In 1954, the Supreme Court issued its landmark decision in Brown v. Board of Education, ruling that racially segregated schools are unconstitutional. In the decision's wake, Southern states and localities initiated a variety of policies designed to avoid desegregation without openly defying the Court's ruling. One of the most popular methods of resisting desegregation was the adoption of a pupil placement plan, which granted local officials “practically unreviewable discretion” to assign individual students to local schools. These laws authorized school administrators to place students in specific schools based on a wide variety of racially neutral criteria, such as residence, psychological fitness, scholastic aptitude, health, and moral standards. Because placement plans allowed so many factors to be considered in student assignment, it was nearly impossible to prove that a specific student's assignment to a specific school was racially motivated. And, because the plans purported to utilize individual treatment, it was extremely difficult to bring a class-action suit challenging these laws.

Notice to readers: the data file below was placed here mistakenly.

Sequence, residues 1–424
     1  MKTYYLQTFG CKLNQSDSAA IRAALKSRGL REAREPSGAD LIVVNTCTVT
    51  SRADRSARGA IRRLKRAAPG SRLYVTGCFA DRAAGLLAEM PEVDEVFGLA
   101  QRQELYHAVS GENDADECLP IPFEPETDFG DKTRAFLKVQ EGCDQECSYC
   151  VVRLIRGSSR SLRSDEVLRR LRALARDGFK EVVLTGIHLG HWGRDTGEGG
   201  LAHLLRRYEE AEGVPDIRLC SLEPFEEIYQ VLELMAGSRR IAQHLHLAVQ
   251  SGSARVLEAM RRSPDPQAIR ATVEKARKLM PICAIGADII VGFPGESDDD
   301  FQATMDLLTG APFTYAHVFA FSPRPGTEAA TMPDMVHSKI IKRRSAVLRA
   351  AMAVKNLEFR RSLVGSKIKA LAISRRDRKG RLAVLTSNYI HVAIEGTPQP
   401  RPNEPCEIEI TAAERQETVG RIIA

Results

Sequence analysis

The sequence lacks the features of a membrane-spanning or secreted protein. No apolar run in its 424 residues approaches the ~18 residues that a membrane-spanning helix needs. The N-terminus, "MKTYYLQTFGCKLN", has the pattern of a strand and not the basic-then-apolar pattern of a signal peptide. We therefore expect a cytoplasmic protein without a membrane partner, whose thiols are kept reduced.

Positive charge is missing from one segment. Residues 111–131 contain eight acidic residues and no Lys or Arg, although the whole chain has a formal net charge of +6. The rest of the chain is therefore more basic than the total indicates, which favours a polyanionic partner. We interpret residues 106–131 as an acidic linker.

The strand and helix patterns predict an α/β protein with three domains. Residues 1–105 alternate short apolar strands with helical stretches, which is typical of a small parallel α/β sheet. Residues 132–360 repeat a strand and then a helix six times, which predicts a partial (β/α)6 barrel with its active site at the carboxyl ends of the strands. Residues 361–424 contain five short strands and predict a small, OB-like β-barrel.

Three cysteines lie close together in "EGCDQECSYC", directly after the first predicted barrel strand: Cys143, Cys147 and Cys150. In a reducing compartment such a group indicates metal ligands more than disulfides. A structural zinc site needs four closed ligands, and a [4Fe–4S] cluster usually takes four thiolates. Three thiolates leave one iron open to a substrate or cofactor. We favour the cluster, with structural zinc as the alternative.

When the parents of African American students in Sumter City, South Carolina, did bring a suit challenging a pupil placement plan, the South Carolina legislature erected an additional legal hurdle designed to impede their case. After a trial court initially denied relief to the parents in 1956, the legislature passed a new law prescribing additional administrative remedies for such lawsuits. Consequently, when the parents appealed their case to the Fourth Circuit Court of Appeals in Hood v. Board of Trustees, the federal court denied the appeal on the grounds that they had not yet exhausted their options under state law. Dissatisfied with the Fourth Circuit's ruling, the parents filed a petition for a writ of certiorari to the US Supreme Court. They argued that, rather than offering a potential remedy, the new South Carolina law was actually a transparent device with which the state hoped to evade judicial oversight and enforcement of the Brown decision.
The Fourth Circuit's ruling in Hood was well-grounded in the law: Petitioners must generally exhaust their options in state court before appealing to a federal court for relief.
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